Let them eat cake - Cool Adventures

by Kimberli Hull

Palace of Versailles, Versailles, France

Palace of Versailles, Versailles, France

Palace of Versailles, Versailles, France
Photo: Kim Hull © Chasing Light Media

A short RER train ride from Paris, the Chateau Versailles is a perfect way to spend a day experiencing 350 years of history and French opulence.

Famously home to French kings and the royal courts throughout the ages, the Palaces at Versailles date back to 1623 when Louis XIII built a hunting lodge on the grounds.

Between 1661-1678, Louis XIV oversaw the first transformation of the site of the former lodge into a grand palace, with the king and his court moving into the palace and making it the home of the government of the Kingdom of France in 1682.

During a second phase of expansion, additions continued to the enormous and extravagant palace until 1715. In 1770, a theatre was built for the marriage of two of the palace's most famous residents, Austrian Archduchess Marie Antoinette to Louis-Auguste Dauphin of France, who would become Louis XVI.

Continuing palace additions and living a life of extreme luxury, the couple fell out of favor as France fell into serious financial difficulties. It was sometime during this period that, when told the people of France were starving and had no bread to eat, reportedly Marie Antoinette stated, "Let them eat cake."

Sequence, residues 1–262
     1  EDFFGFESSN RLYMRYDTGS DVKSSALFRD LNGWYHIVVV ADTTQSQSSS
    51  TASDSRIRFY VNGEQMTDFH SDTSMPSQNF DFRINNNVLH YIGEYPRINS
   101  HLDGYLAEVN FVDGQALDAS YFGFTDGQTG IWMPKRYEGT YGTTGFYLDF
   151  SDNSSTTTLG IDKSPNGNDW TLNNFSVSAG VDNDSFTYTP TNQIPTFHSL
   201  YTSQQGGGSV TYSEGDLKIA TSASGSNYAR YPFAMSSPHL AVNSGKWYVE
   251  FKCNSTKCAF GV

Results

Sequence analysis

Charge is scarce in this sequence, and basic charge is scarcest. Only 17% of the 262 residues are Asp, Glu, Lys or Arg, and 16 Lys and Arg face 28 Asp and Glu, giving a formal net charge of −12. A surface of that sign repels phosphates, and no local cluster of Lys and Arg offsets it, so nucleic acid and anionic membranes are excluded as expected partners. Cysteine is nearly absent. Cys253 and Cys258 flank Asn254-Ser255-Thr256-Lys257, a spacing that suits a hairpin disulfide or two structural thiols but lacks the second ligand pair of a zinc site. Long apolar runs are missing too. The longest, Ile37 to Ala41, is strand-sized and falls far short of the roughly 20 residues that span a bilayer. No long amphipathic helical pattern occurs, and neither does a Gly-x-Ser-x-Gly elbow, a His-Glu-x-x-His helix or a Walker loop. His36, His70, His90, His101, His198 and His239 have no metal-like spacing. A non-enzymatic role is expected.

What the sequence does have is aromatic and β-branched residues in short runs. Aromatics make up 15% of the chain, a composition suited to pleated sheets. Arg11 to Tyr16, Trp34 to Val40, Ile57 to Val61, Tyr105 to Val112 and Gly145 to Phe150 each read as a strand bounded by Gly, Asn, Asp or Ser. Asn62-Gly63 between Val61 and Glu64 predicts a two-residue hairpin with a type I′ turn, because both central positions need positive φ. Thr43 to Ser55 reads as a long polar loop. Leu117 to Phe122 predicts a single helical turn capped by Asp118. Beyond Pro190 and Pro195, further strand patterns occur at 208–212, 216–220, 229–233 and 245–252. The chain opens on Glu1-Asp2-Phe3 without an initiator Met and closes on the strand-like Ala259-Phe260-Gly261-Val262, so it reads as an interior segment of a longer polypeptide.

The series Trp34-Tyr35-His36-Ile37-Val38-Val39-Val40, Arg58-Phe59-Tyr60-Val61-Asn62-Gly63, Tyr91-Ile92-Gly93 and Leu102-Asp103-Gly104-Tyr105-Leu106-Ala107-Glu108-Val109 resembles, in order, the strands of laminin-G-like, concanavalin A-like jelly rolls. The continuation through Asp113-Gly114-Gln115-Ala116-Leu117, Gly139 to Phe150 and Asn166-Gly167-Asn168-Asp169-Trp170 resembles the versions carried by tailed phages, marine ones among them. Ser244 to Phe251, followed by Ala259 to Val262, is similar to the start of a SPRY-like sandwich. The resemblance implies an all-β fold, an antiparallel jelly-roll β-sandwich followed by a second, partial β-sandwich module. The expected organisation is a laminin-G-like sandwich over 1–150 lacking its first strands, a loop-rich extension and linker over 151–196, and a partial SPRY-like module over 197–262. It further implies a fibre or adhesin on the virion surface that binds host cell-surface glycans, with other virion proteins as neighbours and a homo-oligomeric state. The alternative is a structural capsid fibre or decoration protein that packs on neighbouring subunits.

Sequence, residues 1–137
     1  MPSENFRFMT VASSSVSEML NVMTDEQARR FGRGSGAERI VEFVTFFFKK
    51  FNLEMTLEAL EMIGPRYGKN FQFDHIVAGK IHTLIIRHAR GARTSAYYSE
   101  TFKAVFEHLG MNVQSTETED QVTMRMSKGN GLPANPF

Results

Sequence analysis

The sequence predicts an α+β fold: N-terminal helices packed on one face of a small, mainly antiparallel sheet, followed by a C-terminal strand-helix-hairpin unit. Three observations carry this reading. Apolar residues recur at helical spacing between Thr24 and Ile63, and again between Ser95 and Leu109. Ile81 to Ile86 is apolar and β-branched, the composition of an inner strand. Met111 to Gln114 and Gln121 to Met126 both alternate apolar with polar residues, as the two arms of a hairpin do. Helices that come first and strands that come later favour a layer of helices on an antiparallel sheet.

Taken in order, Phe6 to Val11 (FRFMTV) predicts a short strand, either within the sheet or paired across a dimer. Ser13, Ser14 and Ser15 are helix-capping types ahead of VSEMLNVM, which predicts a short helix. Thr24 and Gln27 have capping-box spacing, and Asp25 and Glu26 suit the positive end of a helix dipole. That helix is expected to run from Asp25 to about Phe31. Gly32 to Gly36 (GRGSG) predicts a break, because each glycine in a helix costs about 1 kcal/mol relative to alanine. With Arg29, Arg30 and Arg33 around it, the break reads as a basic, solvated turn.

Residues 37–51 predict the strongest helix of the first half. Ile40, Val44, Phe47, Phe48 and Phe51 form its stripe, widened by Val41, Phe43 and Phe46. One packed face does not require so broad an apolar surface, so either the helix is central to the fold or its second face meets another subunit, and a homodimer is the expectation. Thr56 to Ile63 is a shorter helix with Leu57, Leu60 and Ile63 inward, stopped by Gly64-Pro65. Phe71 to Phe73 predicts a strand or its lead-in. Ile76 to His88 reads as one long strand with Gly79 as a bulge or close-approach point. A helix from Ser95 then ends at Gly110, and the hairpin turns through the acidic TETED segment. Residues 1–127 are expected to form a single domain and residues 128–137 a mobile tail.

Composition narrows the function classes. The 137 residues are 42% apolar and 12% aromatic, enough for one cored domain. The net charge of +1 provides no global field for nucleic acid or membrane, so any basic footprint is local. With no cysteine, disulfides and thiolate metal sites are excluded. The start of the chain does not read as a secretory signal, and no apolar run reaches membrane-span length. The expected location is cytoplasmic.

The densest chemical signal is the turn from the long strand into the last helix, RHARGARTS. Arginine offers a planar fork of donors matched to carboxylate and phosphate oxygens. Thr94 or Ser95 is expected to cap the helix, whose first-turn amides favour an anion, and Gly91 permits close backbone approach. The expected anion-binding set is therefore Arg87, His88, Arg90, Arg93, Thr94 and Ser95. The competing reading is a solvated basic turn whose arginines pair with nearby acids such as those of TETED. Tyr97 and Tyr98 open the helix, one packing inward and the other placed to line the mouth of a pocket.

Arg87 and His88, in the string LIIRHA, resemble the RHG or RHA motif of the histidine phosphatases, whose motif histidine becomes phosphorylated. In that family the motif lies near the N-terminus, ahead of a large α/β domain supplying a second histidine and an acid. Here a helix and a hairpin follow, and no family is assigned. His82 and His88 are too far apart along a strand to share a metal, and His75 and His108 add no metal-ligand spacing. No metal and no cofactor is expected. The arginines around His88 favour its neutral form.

The royal family abandoned the palace and were forced to return to Paris, three months into the French Revolution in 1789.

Between 1789 and 1950, the palace and grounds fell into decline and disrepair, suffering through wars and the lack of upkeep. In the middle of the 20th century, restoration began with an objective of restoring the palace and grounds to its state in 1789.

Today, the palace is one of France's most popular tourist attractions, with 8-10 million people visiting the palace, as we did this cold, but clear January day.

Strolling through the Hall of Mirrors, the King’s Chamber, and the Mesdames’ Apartments, one can only imagine what life was like for those that walked the same halls and viewed the gardens from the same windows so long ago.

In addition to the main palace and gardens, the estate includes the Palaces of Trianon and Marie-Antoinette’s escape from formal palace life, the Queen’s Hamlet.

We enjoyed a delightful lunch at one of the onsite restaurants, Angelina. While we didn’t eat cake, we did have the signature dessert Mont Blanc dessert, enjoying the decadent delicacy under the watchful gaze of an oil painting of Marie Antoinette.

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